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Kamal-Hashmat v. Loews Miami Beach Hotel Operating Co., Inc.

Florida Court of Appeals, Third District

December 18, 2019

Iman Kamal-Hashmat, etc., Appellant,
v.
Loews Miami Beach Hotel Operating Co., Inc., etc., Appellee.

         Not final until disposition of timely filed motion for rehearing.

          An Appeal from the Circuit Court for Miami-Dade County Lower Tribunal No. 14-27829, Jacqueline Hogan Scola and Antonio Arzola, Judges.

          Podhurst & Orseck and Joel D. Eaton and Ricardo M. Martinez-Cid, for appellant.

          Law Offices of Charles M-P George and Charles M-P George; Boyd, Richards, Parker, Colonnelli and Maria E. Dalmanieras, for appellee.

          Before EMAS, C.J., and SALTER and GORDO, JJ.

          SALTER, J.

         Iman Kamal-Hashmat is the personal representative of the Estate of her late husband, Kamal Hashmat, who drowned in a hotel swimming pool in December 2013.[1] Mr. Hashmat's tragic death and the subsequent wrongful death lawsuit in the Miami-Dade Circuit Court (a) present a question whether or not a private hotel in Florida has a legal duty to hire professional lifeguards to supervise its swimming pool, and (b) the appropriate jury instructions to be given, based on the answer to that question.

         The Parties, Lawsuit, Trial, and Defense Judgment

         The appellant, plaintiff below, will be referred to as "the Estate." The appellee, defendant below, [2] Loews Miami Beach Hotel Operating Co., Inc., will be referred to as "Loews."

         The Estate's wrongful death lawsuit against Loews alleged: Mr. Hashmat was a "paying guest" of Loews; Mr. Hashmat entered and swam in the hotel swimming pool, which was operated, maintained, and controlled by Loews; Mr. Hashmat struggled in the water and then became completely submerged; and "[a]s a result of the negligence and otherwise wrongful conduct of [Loews] . . . and/or the negligence vicariously attributed to [Loews], [Mr. Hashmat] died." Additional allegations described Loews duties to Mr. Hashmat and other guests: "to provide, operate, control, manage, and/or maintain reasonably safe swimming pool(s), pool facilities, and/or pool environment . . . and to protect the guests and invitees, including [Mr. Hashmat] from unreasonable risk of physical harm."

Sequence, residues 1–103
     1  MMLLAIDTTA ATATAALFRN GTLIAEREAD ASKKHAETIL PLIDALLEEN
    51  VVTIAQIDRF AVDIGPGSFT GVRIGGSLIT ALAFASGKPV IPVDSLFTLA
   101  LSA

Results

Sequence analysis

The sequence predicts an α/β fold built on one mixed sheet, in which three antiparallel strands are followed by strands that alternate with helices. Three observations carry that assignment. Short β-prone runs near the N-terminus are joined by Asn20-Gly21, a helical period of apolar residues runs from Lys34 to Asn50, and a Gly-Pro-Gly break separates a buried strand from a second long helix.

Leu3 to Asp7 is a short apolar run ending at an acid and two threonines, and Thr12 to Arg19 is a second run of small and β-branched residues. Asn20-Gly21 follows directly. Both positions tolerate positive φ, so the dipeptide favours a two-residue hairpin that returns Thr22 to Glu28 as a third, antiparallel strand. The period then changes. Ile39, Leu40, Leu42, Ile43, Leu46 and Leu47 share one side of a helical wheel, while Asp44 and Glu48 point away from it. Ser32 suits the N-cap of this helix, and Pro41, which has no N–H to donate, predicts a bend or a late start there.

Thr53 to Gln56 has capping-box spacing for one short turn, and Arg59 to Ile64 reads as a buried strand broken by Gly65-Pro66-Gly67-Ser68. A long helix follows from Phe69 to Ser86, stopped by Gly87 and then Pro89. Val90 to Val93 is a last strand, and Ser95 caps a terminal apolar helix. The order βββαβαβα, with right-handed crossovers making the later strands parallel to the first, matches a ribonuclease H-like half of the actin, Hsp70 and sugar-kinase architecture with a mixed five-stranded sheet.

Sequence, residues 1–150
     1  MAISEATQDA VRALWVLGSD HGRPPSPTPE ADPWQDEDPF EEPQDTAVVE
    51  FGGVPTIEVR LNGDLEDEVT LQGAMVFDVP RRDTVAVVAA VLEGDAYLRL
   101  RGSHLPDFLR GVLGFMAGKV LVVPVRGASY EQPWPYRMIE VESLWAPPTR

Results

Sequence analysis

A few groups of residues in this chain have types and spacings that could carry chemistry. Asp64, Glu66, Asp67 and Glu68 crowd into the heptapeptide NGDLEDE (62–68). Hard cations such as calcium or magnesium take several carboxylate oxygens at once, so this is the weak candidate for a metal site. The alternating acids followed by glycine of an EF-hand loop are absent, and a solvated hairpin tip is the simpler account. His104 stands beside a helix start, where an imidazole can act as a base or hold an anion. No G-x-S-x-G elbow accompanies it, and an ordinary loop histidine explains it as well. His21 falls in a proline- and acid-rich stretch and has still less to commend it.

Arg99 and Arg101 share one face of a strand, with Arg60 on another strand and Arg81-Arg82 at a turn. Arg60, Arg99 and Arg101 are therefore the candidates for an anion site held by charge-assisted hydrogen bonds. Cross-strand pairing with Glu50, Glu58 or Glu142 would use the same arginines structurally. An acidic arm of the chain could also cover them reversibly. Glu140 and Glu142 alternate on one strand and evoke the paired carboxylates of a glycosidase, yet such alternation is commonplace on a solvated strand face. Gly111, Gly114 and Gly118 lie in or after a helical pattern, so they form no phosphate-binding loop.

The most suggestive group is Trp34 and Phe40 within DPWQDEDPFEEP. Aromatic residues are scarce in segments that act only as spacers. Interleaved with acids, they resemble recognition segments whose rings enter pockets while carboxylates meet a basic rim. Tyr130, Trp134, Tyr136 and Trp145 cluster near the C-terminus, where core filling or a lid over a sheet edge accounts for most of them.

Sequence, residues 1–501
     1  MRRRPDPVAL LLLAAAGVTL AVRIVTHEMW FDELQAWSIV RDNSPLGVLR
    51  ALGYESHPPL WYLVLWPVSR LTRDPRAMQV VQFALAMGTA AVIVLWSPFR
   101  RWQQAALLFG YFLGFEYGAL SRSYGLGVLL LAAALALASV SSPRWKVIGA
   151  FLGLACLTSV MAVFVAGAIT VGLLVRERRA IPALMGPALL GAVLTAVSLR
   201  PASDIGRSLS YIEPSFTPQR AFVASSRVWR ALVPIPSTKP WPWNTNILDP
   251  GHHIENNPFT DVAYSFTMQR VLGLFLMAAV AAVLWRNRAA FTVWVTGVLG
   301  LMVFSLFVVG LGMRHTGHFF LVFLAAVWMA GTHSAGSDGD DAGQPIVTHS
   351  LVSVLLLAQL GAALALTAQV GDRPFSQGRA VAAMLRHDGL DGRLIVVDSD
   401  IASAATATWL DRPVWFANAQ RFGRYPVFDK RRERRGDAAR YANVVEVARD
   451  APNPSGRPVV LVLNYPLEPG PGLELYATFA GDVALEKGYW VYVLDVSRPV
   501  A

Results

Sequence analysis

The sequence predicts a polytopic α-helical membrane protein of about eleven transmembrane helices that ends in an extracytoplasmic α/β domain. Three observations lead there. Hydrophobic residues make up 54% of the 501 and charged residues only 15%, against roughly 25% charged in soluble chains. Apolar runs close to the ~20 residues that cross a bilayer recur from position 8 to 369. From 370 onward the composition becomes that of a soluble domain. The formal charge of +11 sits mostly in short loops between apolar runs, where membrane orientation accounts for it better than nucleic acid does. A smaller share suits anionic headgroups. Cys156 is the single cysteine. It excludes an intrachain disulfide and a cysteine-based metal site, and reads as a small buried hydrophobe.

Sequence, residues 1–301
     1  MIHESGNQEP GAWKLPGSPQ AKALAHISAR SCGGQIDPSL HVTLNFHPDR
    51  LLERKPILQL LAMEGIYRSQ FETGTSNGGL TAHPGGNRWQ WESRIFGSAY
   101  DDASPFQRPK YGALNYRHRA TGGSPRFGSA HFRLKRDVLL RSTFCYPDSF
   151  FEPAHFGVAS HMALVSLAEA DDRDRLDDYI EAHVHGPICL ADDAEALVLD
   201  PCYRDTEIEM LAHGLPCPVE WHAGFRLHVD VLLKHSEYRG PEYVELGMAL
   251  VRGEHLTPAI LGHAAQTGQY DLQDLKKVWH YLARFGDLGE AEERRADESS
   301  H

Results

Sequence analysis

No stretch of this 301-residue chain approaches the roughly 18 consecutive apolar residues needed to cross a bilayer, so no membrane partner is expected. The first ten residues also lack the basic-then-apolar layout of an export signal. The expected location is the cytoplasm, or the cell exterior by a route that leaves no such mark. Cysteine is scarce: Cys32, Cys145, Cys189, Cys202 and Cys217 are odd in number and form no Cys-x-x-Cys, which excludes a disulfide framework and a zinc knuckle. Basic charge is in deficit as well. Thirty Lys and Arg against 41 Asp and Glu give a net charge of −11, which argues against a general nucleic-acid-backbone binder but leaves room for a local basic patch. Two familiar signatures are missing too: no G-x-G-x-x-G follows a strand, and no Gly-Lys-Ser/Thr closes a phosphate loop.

The Estate's complaint also alleged that Loews "had an additional duty to promulgate proper policies and procedures" for the operation and maintenance of the swimming pool and pool area, including policies and procedures to train and supervise Loews [hotel employees and staff members], another additional duty "to exercise due care in hiring, training, and/or supervising" those hotel employees and staff members, and another additional duty "to warn users of the swimming pool(s)" and pool area "that there would not be a lifeguard on duty and warn about all other dangers associated with the use of [the pool and pool area]."

         After pretrial motions, discovery, and other proceedings, the case was tried in 2018 before a jury. Two pretrial rulings affected the Estate's contention that Loews' obligation to have a professional lifeguard on duty, or not, was a fact issue triable to the jury. First, the trial court granted Loews a partial summary judgment on its motion for a ruling that Loews had no legal obligation to its guests to have professional lifeguards on duty when the pool was open: "While [the Estate] may have multiple grounds as to why Loews may have breached its duty to exercise ordinary and reasonable care, it cannot rely on the lack of a professional lifeguard, alone, as the basis for the breach."

         Second, the trial court granted in part Loews' motion in limine:

[The Estate] is precluded from arguing or presenting testimony that Loews had a duty to provide a lifeguard or that Loews breached a duty or acted unreasonably solely by failing to post a lifeguard. However, reference to the use of the word lifeguard is not precluded at trial. [The Estate] may argue and present testimony that Loews owed a duty of reasonable care to its guests in providing for the supervision and safety of its pool, and that because there was no duty to have ...

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